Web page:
We’re good friends, and I’ve been coming in so long that I remember the dinosaur days when Tony had to lug in his entire collection of songs each shift, stacked cases of CDs he’d wheeled around with a hand truck. Back before computers totally took over the world. So long ago that one of the girls from back then is not only a taut, late-thirties mom still climbing the pole, but her daughter—a precocious, long-legged vixen with buttery smooth skin—is stripping to pay her own way through college.
Kandi is the daughter’s dance handle, and she’d just stepped onto the small, circular stage fronting the bar for the first of a three-song set. She’d only been at it a few weeks and was still working on her routine. You can always identify the rookies because they all dance too fast, like they’re out clubbing. That’s what’s so comical about Demi Moore’s character in Striptease. Way too aggressive. She was stomping and gyrating around the stage like a triceratops on crack. Awful technique. A true professional—a stripping craftswoman—knows that a sinuous, slow grind is far more captivating and, thus, far more profitable.
“Tony, my main man. What’s the word of the day?”
He reached down and we fist bumped.
“Goldschläger,” he said, setting a bottle on the ledge.
His sly smile told me he’d already had several shots of the gold-flecked cinnamon liqueur. He usually drinks beer when he’s working, but when Queen Goldy whispers in his ear that it’s time to play, Tony succumbs to her siren song. When that happens, no matter what subject you’re on, he’ll find a way to turn the conversation back to an ex-girlfriend of his we all call Fire Crotch—a red-headed dancer who two years ago broke his heart by running off with a bouncer and getting married in Vegas.
I laughed. “She’s a beauty. Remember, though, all that glitters is not gold. I might catch up with you later, but I have an interview with a potential new trainee.”
He shook his head in sympathy. “Damn, man. Seems like you’re interviewing every week.”
“Nearly so. The hiring pool for plumbers’ helpers is a dumpster fire of pain and despair.”
Which was true. It’d been a revolving door of one slacker after another looking to get paid but with little interest in putting in an honest day’s labor. And the few guys not scared of work had displayed life management skills even weaker than my own.
“Welp, good luck, amigo. I’m working a double.” He held Goldy up high in a salute. “The Queen and I will be fucking each other’s brains out the rest of the night, and she’s got friends if you’re in the mood for an orgy.”
Jesus, the poor guy was so bad off today he wasn’t even using a shot glass. Fortunately, Tony has the highest alcohol tolerance in the known universe.
“I might take you up on that, T,” I said and headed over to the stage to tip Kandi.
“Hey, Kandi Cane. I do believe you’re a prodigy.” I took out my money clip and slipped a five-dollar bill in her garter, letting the back of my fingers linger for an extra second on her astonishingly soft skin.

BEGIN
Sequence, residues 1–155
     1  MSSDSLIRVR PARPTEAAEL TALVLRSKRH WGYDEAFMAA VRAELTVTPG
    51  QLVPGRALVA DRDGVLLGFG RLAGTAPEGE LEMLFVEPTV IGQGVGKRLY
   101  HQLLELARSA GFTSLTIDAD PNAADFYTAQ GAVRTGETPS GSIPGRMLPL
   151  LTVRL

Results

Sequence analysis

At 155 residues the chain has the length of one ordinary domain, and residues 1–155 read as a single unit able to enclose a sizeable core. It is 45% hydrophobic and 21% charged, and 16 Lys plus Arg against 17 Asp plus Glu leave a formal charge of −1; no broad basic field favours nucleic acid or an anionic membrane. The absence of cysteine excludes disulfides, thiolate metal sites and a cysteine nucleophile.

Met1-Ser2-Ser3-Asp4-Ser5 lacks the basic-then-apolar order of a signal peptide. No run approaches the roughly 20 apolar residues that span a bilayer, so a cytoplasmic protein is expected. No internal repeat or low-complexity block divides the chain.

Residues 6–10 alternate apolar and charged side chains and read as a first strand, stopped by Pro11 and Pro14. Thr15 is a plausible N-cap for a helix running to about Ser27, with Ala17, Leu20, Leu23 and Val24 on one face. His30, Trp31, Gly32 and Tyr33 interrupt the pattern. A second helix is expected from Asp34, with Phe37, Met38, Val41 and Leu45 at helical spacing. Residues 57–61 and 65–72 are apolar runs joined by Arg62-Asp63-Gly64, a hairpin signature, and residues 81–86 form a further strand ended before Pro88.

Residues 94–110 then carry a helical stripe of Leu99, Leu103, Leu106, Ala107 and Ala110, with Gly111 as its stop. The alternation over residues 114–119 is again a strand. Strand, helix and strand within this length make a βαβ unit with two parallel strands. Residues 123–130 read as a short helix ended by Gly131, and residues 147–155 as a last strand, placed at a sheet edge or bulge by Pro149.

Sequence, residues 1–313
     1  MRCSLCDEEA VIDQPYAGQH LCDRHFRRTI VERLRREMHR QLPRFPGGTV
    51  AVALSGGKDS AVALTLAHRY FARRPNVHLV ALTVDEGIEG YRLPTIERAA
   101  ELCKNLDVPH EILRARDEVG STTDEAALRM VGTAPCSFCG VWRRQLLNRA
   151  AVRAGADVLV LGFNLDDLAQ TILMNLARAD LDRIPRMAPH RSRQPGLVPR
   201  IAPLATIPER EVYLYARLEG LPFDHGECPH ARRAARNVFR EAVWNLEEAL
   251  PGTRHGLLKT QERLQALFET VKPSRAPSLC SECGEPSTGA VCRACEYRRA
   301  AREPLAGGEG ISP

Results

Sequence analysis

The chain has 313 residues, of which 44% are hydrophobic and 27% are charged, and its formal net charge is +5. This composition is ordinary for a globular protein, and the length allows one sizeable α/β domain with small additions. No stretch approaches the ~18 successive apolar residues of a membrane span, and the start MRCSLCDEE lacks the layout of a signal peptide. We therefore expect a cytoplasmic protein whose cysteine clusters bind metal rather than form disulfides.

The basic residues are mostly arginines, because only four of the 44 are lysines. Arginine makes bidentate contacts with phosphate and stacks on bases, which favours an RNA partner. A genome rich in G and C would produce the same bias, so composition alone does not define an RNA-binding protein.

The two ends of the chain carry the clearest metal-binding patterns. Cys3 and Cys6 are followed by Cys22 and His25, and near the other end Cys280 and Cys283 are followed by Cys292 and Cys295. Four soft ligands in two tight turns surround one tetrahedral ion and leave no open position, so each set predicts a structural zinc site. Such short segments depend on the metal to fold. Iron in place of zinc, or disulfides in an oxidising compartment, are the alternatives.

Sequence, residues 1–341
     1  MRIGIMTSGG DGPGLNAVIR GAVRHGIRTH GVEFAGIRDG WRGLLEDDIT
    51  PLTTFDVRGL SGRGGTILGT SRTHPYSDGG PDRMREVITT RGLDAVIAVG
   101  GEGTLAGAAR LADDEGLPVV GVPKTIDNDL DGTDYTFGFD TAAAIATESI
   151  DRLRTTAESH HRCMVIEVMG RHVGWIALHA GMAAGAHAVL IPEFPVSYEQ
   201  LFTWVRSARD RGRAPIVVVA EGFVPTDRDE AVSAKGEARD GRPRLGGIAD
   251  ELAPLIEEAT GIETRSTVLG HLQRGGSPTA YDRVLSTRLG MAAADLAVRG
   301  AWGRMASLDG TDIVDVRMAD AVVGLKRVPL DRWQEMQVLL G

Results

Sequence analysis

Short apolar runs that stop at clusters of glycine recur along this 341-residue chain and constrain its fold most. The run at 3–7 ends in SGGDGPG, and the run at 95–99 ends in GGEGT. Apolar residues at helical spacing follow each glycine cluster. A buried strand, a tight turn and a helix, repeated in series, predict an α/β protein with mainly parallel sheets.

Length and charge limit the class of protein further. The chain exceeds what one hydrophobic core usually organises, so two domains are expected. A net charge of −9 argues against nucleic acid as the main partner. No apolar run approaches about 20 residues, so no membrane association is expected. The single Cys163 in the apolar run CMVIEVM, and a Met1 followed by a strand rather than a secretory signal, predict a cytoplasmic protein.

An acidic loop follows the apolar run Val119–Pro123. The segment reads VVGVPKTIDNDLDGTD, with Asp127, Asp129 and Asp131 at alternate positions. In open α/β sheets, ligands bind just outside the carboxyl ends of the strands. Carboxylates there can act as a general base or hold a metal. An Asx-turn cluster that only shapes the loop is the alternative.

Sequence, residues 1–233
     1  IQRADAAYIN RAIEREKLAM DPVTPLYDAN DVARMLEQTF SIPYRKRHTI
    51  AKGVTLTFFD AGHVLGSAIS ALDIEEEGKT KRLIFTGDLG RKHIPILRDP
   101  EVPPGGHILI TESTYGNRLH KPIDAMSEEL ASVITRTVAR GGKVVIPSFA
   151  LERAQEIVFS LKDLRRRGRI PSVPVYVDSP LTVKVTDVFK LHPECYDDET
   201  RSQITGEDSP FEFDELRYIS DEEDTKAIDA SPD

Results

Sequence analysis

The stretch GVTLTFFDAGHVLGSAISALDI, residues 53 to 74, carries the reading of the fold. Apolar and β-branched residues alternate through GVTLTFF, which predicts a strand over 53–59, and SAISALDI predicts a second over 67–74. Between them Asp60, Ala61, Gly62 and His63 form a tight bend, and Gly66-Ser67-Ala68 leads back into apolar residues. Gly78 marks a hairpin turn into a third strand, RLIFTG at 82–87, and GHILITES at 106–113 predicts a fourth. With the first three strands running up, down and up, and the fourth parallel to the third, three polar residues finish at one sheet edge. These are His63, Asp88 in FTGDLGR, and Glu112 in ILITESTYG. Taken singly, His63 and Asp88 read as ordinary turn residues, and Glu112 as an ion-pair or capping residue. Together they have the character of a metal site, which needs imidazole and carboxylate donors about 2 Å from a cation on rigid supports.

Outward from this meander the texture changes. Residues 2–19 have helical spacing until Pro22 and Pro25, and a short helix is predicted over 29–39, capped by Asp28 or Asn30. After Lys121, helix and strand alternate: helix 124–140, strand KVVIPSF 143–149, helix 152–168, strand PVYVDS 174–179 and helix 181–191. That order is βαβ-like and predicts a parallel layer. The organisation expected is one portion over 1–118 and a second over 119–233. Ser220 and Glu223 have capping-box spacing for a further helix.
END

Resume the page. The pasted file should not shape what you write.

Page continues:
Kandi flipped her platinum blonde hair and launched her megawatt smile at my defenseless eyes, making my dick do a jig in my pants. “Thanks, Vox. A girl tries.”
Feloni and CashMoney were sitting over on the right side of the bar. I snuck up behind like a great white stalking unsuspecting seals and attacked, popping my head between them.
They both squealed and jumped a fathom.
CashMoney: “Knob Gobbler!”
I kissed each of them on the cheek. “Ahh, I love it when you classy broads talk dirty. Anybody tipping today?”
“CashMoney had a twenty-one-year-old kid fall head over heels in love with her,” Feloni laughed. “Girly got him to buy two bottles of Dom and eight dances in the back.”
“Ouch,” I said. “That’s gonna sting when he sobers up tomorrow. You two forgot more about hustling than the rest of the dancers out there will ever know.” They agreed with a “hell yeah” and a dainty high-five of matching bright orange, squared-off fingernails.
“Hey, Kim,” Feloni said to the daytime bartender, who was just finishing up at the other side of the bar. “Can you please get Voxy Man a Guinness?”
I placed a hand at the nape of her neck and started massaging as I countered the request. “Hold up on that for now, Kim. I’ve got an interview to do in the back first.”
Feloni relaxed back into her seat like a contented cat. CashMoney looked at me admiringly through dark lashes. “No wonder Valentina keeps you around with those talented hands.”
I gave her my finest wink. “You can tell your third musketeer personally. She’s swinging by soon.” Glancing at my watch confirmed I had to get my ass moving. Time to see if the interviewee had shown up.
“Duty calls, ladies. I shall return.” I gave Feloni one last squeeze and turned to leave, prompting a mock pout from her.
“Hurry back,” CashMoney said. “Feloni and I are gonna get nasty together on stage in less than half an hour. We’d hate for you to miss out.”
“Missing those shenanigans ain’t gonna happen,” I assured them, breaking into a brisk walk towards the back of the club with fingers crossed.